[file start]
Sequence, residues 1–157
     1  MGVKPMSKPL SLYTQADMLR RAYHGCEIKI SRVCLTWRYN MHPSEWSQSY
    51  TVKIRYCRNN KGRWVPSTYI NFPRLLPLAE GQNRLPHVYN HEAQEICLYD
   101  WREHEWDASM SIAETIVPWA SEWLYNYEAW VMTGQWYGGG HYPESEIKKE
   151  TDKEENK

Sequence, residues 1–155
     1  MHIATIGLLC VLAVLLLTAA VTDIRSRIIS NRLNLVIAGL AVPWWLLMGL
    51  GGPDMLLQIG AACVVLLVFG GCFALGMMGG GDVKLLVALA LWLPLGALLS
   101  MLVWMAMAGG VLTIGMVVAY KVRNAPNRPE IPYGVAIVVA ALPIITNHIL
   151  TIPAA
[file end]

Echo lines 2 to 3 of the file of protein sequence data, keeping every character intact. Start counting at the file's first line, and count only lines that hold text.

     1  MGVKPMSKPL SLYTQADMLR RAYHGCEIKI SRVCLTWRYN MHPSEWSQSY
    51  TVKIRYCRNN KGRWVPSTYI NFPRLLPLAE GQNRLPHVYN HEAQEICLYD